Sentence for trouble | Use trouble in a sentence

A sentence for the word trouble. Journalists, word game players, and readers may find this page particularly useful. The lines of text below use trouble in a sentence, and provide visitors a sentence for trouble.

  • A very little trouble on your side secures him. (4)
  • Aklis was revealed in burning beams as of a sun, and the trouble of the air ceased, vapours slowly curling to the four quarters. (10)
  • And in his eyes just then there was the look that had made his tutor compare him to a lion cub in trouble. (8)
  • And, behind it all, the deep tribal sense that they stood together in trouble, grew. (8)
  • As long as this trouble is hanging over us, I cannot see you. (9)
  • Both his daughters in such trouble, and he of no use to them! (8)
  • Brinkley gradually realised that it was the trouble of having to lift her voice that had kept her from cultivating a very agreeable acquaintance before. (9)
  • Cecilia saw him, and could not step to meet him for trouble of heart. (10)
  • Certain terms in the letters here and there, unsweet to ladies, began to trouble his mind. (10)
  • Concerning Heriot, my aunt Dorothy was in trouble. (10)
  • Dear friend, I trouble you very much, but I want to get away from this. (10)
  • Do not trouble her with any questions. (10)
  • Does your charge give you much trouble? (4)
  • Far from wishing to hurt her, he desired to preserve her, and everyone, from trouble and annoyance. (8)
  • He said he ought to have put on his uniform for an expedition like that, in case they got into any sort of trouble. (9)
  • He should not be surprised if that chap made trouble some day. (8)
  • He went up to them, and, vaguely alarmed, ignorant of the nature of the trouble, made an attempt to smooth things over. (8)
  • He will easily account for the bad work historically, and when he has recognized it, will trouble himself no further with it. (9)
  • Help me, I say, in my great trouble. (10)
  • Her eyes trouble him; he draws back. (8)
  • Her holiday took the burden of her trouble, and amid the beauty of a disenchanted scene, she resumed the London incubus. (10)
  • His companion strode along, and Shelton felt sorry for the signs of trouble on his face. (8)
  • However, your trouble is over. (10)
  • I doubt her thinking men worth the trouble. (10)
  • I shall trouble you meanwhile to prevent his forming any other attachment when he comes to town. (4)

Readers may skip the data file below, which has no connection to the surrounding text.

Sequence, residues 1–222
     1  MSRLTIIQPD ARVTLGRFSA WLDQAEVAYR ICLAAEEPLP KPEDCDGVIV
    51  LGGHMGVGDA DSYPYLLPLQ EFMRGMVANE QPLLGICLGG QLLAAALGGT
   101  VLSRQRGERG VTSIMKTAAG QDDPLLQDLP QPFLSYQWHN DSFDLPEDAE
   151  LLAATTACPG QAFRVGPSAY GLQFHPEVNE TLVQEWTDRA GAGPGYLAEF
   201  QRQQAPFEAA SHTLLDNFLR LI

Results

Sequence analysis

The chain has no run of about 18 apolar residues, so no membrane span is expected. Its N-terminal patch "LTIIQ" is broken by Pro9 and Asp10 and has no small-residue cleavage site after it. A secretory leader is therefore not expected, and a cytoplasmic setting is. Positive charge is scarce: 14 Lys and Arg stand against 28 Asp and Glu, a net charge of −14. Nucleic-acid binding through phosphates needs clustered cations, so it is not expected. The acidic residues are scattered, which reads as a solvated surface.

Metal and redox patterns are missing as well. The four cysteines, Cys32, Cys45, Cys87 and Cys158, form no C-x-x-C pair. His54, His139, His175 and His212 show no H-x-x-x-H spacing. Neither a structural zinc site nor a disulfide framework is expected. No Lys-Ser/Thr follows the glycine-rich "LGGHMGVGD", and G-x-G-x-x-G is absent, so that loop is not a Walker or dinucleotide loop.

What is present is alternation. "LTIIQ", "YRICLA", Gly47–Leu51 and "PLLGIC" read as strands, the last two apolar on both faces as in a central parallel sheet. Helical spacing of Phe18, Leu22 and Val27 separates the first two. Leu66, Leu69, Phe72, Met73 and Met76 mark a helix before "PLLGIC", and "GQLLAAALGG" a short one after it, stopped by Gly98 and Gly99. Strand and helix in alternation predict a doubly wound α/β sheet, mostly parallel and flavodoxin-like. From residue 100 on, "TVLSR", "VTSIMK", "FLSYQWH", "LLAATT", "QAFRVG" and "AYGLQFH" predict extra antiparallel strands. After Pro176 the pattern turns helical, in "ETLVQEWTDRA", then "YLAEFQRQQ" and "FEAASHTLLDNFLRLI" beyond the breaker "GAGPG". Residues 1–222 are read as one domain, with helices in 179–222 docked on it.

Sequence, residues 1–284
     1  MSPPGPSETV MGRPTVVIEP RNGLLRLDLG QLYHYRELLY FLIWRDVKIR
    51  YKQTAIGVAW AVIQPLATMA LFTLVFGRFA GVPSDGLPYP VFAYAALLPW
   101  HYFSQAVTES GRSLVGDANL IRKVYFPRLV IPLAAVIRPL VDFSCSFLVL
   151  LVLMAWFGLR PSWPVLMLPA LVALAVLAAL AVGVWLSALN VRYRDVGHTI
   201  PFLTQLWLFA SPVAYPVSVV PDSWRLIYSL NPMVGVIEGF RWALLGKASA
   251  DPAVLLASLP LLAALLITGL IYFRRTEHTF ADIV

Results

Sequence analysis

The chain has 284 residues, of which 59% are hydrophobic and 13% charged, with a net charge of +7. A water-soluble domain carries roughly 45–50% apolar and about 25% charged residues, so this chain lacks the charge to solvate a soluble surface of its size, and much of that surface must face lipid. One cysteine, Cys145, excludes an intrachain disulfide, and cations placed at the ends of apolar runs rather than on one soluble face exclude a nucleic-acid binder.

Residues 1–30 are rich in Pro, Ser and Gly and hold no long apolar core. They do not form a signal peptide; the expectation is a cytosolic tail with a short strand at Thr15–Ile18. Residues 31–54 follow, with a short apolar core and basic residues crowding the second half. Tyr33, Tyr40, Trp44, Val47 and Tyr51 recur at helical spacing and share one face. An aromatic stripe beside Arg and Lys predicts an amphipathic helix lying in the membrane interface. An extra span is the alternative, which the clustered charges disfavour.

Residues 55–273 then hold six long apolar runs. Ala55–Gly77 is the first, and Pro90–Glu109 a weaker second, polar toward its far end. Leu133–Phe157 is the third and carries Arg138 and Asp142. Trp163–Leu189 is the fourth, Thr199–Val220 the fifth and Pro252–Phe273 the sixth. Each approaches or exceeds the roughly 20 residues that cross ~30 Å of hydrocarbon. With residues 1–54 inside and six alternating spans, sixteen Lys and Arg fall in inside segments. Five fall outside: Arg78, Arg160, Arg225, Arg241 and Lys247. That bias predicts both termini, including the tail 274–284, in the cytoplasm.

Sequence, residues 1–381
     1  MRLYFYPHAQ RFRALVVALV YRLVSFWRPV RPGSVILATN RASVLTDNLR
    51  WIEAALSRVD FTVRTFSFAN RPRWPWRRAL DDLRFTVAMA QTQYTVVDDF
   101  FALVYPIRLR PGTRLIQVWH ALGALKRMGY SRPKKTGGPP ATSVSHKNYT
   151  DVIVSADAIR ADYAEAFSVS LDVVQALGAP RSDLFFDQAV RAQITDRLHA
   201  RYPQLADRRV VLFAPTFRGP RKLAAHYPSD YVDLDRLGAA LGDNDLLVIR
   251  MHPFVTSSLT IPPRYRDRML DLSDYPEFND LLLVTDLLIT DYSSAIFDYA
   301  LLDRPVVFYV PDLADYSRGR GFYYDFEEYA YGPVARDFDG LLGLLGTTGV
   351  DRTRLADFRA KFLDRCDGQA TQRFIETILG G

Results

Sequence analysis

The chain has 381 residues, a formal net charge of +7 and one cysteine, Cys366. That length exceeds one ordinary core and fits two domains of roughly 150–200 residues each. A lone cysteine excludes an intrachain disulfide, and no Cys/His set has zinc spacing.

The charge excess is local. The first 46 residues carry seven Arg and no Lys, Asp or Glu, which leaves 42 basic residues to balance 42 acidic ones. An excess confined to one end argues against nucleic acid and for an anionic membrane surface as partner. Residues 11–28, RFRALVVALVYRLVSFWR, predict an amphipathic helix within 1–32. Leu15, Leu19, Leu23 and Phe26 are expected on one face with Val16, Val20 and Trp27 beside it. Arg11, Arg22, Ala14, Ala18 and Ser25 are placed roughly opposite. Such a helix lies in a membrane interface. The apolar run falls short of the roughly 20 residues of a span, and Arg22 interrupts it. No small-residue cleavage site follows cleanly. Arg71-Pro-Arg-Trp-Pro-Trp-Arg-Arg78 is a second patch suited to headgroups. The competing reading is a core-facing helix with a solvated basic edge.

• I think it would be too much trouble. (9)
  • I will swear never to trouble you. (10)
  • If that had been the case, we should not have needed to trouble ourselves much about him. (10)
  • It is this actual lack of experience, whatever verbal knowledge they have, which makes all the difference and all the trouble. (8)
  • It made George sorry to think of her travelling on with her trouble all alone. (8)
  • It was trouble all the time. (8)
  • It was dreadful he should be forgetting himself so, and getting into such trouble. (8)
  • It was plain that she was in trouble of some kind. (8)
  • It was time; I had much trouble with his clothes, his legs were swollen. (8)
  • It will save me a world of trouble and economy. (4)
  • Kenton explained, with inward trouble. (9)
  • Lapham, with a sigh of trouble. (9)
  • More trouble with him? (10)
  • My own trouble, you know, I never regard. (4)
  • None but the most ignorant and depraved, therefore, take the trouble to acquire or preserve it. (7)
  • Nothing had been said, but a sense of trouble subtly diffused itself through those who saw him go out. (9)
  • Of course it was only so hard worked a man who could take thought and trouble for another. (9)
  • One knows very little of anything in the world till trouble comes. (8)
  • One must not go ahead of trouble, or cry over spilled milk! (8)
  • Potts was ready for any amount of trouble; Mallard the same. (10)
  • She determined to show nothing of the trouble darkening the whole world for her, and drew a deep breath, waiting for his kiss. (8)
  • She had confessed in it to the same sweet, fearful trouble that he himself was feeling. (8)
  • She had no trouble in getting in the first remark. (9)
  • Tell me what they are doing, and do they sleep and eat well, and are not in trouble? (10)
  • That indeed was the trouble. (8)
  • That is the trouble with her. (9)
  • That was in my old light days, before this trouble came upon me. (2)
  • That was the trouble. (9)
  • The trouble in judging anything is that if you have the materials for an intelligent criticism, the case is already prejudiced in your hands. (9)
  • The elemental part of marriage was not the trouble; if she did not herself feel passion, she did not resent his. (8)
  • These things drew us closer together, and he was willing to be still nearer to me in any time of trouble. (9)
  • They do wonderful things nowadays with inherited trouble. (8)
  • This is an attitude sometimes produced in people by a sense of just, or even unjust, superiority; sometimes by serious trouble; sometimes by transient annoyance. (9)
  • This must be a time of great trouble. (8)
  • What an awful trouble for her! (8)
  • What was the nature of his trouble? (8)
  • What was the trouble? (8)
  • You think with your gloved hands you can cure the trouble of the century. (8)

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